Kroger Precision Marketing Expands Access To Its Search Ad Inventory Through Three Platforms
Kroger Precision Marketing (KPM), the retail media business of Kroger that is powered by 84.51°, announced Monday the expansion of its search product listing ads through three ad management platforms.
The capability allows brands to buy search ads across Kroger’s network of sites from the platforms Pacvue, Skai (formerly Kenshoo), and Flywheel Digital. More will be coming in the future.
“Instead of coming to us, we can meet the advertisers where they buy ad space,” said Michael Schuh, vice president of media strategy at Kroger Precision Marketing at 84.51°. “The inventory is available to buy through the three platforms. This way they can buy ad space with a tool they are familiar with.”
Kroger — which launched its first search ad placement four years ago — serves 60 million households annually nationwide and nearly 2,000 brands in 2021 invested in paid search at the company, Schuh said.
The company’s partnership with Microsoft Promote IQ, the technology platform that sits on top of the Kroger website’s digital search functions, will not change.
Kroger, however, will add the three additional software tools to manage these types of paid-search campaigns across the grocery’s properties.
If the advertiser uses Skai to buy search ad units on Amazon or YouTube, for example, they will now have an option through the platform to buy advertising space on Kroger.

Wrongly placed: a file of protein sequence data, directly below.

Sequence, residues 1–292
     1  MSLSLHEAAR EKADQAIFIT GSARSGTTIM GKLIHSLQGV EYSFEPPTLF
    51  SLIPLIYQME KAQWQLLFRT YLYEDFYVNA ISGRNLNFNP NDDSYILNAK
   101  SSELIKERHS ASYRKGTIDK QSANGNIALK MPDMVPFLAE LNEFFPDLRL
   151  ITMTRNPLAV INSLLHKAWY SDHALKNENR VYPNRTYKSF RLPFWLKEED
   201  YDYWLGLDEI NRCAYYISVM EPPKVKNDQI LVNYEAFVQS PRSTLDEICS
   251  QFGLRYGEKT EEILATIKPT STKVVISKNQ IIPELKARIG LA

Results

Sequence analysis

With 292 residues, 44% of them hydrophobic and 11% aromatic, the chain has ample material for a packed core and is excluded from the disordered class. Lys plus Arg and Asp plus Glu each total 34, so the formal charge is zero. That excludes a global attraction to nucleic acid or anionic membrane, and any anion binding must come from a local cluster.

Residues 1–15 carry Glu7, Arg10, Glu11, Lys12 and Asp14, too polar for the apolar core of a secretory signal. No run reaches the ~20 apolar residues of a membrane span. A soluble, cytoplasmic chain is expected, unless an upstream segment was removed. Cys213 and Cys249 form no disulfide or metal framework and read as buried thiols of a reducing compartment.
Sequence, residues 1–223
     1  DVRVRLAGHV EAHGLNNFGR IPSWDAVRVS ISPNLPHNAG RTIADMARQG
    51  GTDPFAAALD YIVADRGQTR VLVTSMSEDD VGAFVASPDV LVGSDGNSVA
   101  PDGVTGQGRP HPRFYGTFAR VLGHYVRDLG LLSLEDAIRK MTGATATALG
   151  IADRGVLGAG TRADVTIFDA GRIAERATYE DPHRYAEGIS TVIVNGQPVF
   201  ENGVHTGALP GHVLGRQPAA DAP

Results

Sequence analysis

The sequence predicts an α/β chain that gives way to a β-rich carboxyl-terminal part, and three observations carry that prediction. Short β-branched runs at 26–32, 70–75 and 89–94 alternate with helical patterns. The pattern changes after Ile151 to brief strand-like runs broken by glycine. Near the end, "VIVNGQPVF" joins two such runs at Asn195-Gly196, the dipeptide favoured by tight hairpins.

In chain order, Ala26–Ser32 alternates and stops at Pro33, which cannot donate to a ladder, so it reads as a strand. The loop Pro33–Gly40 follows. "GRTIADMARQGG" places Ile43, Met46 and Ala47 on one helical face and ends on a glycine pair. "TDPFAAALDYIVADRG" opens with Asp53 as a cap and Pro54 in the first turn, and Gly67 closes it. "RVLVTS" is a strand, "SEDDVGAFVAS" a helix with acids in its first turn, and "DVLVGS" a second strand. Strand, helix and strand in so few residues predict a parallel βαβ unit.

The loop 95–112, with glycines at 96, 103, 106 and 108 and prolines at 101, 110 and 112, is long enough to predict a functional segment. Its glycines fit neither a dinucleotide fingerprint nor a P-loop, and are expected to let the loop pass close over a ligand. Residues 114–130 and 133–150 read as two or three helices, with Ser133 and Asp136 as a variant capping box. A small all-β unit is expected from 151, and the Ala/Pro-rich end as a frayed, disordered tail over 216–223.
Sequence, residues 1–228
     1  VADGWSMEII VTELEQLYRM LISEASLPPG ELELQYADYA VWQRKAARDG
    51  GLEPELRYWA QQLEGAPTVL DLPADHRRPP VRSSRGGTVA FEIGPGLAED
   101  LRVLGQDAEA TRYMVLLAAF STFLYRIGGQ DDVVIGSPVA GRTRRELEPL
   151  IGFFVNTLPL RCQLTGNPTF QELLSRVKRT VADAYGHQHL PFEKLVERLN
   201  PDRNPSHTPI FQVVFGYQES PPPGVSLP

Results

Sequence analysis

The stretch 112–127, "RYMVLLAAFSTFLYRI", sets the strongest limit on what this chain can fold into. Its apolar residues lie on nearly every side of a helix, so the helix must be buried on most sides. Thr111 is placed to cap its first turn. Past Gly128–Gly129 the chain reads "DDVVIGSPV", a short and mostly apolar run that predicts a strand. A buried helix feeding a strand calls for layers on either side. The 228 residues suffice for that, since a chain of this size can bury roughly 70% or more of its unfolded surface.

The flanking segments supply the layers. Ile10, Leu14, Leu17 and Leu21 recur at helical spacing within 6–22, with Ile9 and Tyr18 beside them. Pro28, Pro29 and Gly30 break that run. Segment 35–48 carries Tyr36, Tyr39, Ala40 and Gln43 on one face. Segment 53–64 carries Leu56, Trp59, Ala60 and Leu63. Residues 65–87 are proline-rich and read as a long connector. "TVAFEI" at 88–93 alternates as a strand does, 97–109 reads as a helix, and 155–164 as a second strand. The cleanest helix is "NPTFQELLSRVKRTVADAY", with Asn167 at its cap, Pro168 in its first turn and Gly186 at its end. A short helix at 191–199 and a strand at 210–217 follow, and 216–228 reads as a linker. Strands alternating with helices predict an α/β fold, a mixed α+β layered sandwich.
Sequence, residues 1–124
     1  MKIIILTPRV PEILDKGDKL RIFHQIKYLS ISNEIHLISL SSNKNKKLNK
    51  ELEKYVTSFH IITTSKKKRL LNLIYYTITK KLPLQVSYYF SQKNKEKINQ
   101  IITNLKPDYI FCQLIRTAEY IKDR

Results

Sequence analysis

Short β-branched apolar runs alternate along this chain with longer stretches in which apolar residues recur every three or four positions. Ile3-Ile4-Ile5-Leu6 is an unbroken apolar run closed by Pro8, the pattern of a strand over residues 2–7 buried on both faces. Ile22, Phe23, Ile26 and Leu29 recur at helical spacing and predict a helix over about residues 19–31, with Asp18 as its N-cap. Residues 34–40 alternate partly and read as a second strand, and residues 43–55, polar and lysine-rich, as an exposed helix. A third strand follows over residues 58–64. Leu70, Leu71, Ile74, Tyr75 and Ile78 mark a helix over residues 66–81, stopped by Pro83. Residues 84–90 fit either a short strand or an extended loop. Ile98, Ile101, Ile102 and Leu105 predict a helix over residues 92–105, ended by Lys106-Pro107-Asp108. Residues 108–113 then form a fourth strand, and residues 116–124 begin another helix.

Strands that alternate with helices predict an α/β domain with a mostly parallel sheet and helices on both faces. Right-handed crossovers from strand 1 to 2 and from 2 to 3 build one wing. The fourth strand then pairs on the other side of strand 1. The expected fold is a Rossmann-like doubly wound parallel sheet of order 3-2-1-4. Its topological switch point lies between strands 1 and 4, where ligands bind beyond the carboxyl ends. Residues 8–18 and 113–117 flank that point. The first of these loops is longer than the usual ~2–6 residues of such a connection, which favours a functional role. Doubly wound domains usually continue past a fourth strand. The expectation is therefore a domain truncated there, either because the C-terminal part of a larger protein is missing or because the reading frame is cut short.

Schuh said Kroger created an API to connect from its advertising system to the respective three platforms.
Testing with brands begins within the next four to eight weeks. GroupM, which has been an early consultant and partner, will work with Kroger and brands to test the process.
“We will make the reporting data specific to the campaign available in the reporting module, even when the ad buys are done through one of the other platforms,” he said.
For example, if Lays runs a campaign aimed at potato chip buyers if a customer clicks on the ad, Kroger will not share the customer data with the platforms, but it will share the conversion data.
“We’re sharing, for example, that those one or five conversions happened, and the return on ad spend was $5 because you got $5 in sales for every one dollar spend in advertising,” he said. “We’re very protective of consumer data privacy.”
Product listing ads impact shopper behavior both online and in-store.
This announcement reinforces how brands are investing more ad dollars into winning the digital shelf. And as retail media expands, these third-party ad-management platforms will play an increasingly important role for brands and agencies to manage their investments.
Schuh believes that it will make it easier for brands to influence the millions of daily product searches that occur on Kroger sites.